Chosen Name Use Is Linked to Reduced Depressive Symptoms, Suicidal Ideation, and Suicidal Behavior Among Transgender Youth

Stephen T Russell, Amanda M. Pollitt, Gu Li, Arnold H. Grossman

Research output: Contribution to journalArticle

45 Scopus citations

Abstract

Purpose: This study aimed to examine the relation between chosen name use, as a proxy for youths' gender affirmation in various contexts, and mental health among transgender youth. Methods: Data come from a community cohort sample of 129 transgender and gender nonconforming youth from three U.S. cities. We assessed chosen name use across multiple contexts and examined its association with depression, suicidal ideation, and suicidal behavior. Results: After adjusting for personal characteristics and social support, chosen name use in more contexts was associated with lower depression, suicidal ideation, and suicidal behavior. Depression, suicidal ideation, and suicidal behavior were lowest when chosen names could be used in all four contexts. Conclusion: For transgender youth who choose a name different from the one given at birth, use of their chosen name in multiple contexts affirms their gender identity and reduces mental health risks known to be high in this group.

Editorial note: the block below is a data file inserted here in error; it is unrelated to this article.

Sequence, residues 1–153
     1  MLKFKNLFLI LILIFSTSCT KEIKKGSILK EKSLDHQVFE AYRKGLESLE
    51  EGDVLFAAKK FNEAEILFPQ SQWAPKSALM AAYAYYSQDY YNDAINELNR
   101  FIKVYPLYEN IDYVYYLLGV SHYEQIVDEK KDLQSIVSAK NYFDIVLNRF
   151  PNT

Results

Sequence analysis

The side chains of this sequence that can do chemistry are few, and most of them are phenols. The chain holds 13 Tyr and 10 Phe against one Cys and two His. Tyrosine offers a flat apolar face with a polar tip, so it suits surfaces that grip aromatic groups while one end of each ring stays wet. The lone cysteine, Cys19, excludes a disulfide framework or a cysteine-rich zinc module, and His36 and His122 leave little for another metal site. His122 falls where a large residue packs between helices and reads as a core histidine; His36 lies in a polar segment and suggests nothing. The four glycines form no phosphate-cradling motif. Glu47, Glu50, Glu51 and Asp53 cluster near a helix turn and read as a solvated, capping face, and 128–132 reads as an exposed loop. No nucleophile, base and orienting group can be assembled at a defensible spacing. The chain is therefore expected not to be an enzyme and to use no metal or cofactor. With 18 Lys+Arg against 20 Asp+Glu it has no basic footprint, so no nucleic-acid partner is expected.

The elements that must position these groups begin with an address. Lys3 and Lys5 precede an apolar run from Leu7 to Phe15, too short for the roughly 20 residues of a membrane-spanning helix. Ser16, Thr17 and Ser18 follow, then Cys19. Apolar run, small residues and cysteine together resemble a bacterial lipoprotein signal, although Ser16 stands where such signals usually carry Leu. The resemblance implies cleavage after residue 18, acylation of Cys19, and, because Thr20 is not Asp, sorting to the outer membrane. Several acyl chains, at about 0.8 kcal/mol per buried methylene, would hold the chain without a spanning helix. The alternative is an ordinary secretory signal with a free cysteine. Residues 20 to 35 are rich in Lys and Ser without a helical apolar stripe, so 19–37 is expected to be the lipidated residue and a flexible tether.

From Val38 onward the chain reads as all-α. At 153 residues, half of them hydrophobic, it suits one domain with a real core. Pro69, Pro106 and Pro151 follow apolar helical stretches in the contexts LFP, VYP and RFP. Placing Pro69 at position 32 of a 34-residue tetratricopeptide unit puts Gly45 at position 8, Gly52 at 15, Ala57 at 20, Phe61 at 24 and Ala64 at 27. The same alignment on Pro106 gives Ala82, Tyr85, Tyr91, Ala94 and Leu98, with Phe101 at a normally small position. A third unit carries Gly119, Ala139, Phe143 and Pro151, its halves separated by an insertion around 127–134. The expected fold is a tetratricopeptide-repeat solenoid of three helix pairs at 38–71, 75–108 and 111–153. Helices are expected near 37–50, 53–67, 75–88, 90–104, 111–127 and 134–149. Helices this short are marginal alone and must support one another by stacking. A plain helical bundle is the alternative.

Original languageEnglish (US)
JournalJournal of Adolescent Health
DOIs
StateAccepted/In press - Jan 1 2018
Externally publishedYes

Keywords

  • Depression
  • Suicidality
  • Transgender
  • Youth

ASJC Scopus subject areas

  • Pediatrics, Perinatology, and Child Health
  • Public Health, Environmental and Occupational Health
  • Psychiatry and Mental health

Fingerprint Dive into the research topics of 'Chosen Name Use Is Linked to Reduced Depressive Symptoms, Suicidal Ideation, and Suicidal Behavior Among Transgender Youth'. Together they form a unique fingerprint.

  • Cite this